Cast your mind back nine months to a time before the prospect of a future President Trump became too scary to contemplate. The Donald was simply a reliable source of internet humour who just happened to be running for leader of the free world in some kind of extremely high-stakes series of The Apprentice. One particular video, Huffington Post-ed last August, had your correspondent in stitches, to the point where he may or may not have watched it on a loop for a solid hour.
China. China, china, china. Donald Trump loves him some China.
Trump claimed this tweet was a joke. If it was, it was as successful as an attempt to get Trump to invest in ice cream gloves. The tweet may not have had me laughing, but it did have me wondering: Why is Donald Trump so obsessed with China? I had to find out.
What does Trump think of China?
Back in January 2011, when Trump was threatening a 2012 presidential run he spoke to Wolf Blitzer (a latter-day Van Helsing) about China, saying "These are not our friends. These are our enemies. These are not people that understand niceness."
Later in his 2011 presidential test-run, Trump called China an "absolute abuser of the United States." I'm happy to go on record that Donald Trump is an absolute abuser of fake tan, which I feel evens the score somewhat.
Every presidential candidate has to say something about China, just like every candidate has to quote their favourite Bible verse. But how do we know Trump is not just concerned, but obsessed with China? The answer lies in a short exchange Trump had with Chinese news agency Xinhua, when he claimed he'd read "hundreds of books about China," in order to "understand the Chinese mind." This sounded like an empty boast, but when the reporter asked Trump to name some, he rattled off a list of twenty books - arguably one of the most concrete and detailed answers to any question he has been asked on the campaign trail.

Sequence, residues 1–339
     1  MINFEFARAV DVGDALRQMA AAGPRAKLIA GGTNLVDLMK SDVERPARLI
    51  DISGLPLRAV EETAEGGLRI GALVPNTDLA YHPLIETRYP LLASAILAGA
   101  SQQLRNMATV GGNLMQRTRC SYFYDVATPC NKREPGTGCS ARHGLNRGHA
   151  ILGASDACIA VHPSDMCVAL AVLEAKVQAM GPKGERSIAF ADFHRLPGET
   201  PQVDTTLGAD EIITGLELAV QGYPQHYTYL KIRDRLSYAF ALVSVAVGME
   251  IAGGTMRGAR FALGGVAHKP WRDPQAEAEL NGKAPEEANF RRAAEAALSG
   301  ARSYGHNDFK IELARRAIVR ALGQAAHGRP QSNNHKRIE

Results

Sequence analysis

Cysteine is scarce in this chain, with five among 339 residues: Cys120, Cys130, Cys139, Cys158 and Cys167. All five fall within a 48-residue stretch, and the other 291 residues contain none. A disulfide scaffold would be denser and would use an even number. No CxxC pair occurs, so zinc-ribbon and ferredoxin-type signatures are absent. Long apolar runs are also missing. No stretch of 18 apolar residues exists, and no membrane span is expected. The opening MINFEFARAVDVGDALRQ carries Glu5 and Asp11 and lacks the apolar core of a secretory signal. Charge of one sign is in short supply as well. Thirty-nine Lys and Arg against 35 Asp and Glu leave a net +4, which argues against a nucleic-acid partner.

Judging by the books he chose to read ("Poorly Made in China" by Paul Midler, anyone?) and his statements about the country, you would have to say he sees China the way Rocky saw Apollo Creed before basically adopting his son and beating him to an Oscar nomination: a formidable foe not to be underestimated, but ultimately someone he can take down through sheer white determination.
Despite having read these books, he doesn't speak the language. Given the ample Mandarin translation services available, or basic online guides to simple Chinese phrases, you'd think The Donald could dedicate some time to getting deeper into his fixation. Instead, he went to the Mickey Rooney School of Asian Linguistics and learnt a highly offensive broken English which he used to mock the Chinese at a huge rally.
In August 2016, Donald Trump appeared on The O'Reilly Factor (a talent show where four judges search for the new Bill O'Reilly) and said when China's president Xi Jinping arrived in the US, he should not be given a state dinner, but a Big Mac instead.
To his credit, maybe Trump thought a state dinner would be a bit of a waste, seeing as the Chinese people don't "understand niceness." In which case, swapping out the state dinner was an inspired decision.
When Trump gave himself away
We know Trump is more obsessed with China than a dealer on the Antiques Roadshow, and so far it seems like he is as vitriolic towards the country as David Cameron is towards the notion of paying his taxes. But Trump came out as a Chinaphile on June 16 last year. He told the crowd, "People say 'oh you don't like China' but I love 'em... I just sold a $15 million apartment to someone from China. Am I supposed to dislike 'em?"
What Trump said next was a little more revealing. Much in the same way that a broken clock is right twice a day, Trump's relentless verbiage on the topic of China gave way to what was arguably a tiny glint of honesty.
"[T]heir leaders are much smarter than our leaders," he said. He compared China to the New England Patriots, and the USA to a high school football team. But Trump doesn't want to be Coach Taylor to the US's Dillon Panthers. Trump's plan to compete with China involves no last-minute inspirational locker-room speeches. Instead, he wants to simply levy the country "until they behave properly" - presumably, that means "until they stop doing better than America, economically."
To condense Trump's rambling into something more concise: China is winning. America is losing. And if there's anything Donald Trump hates, it's losing.Suggest a correction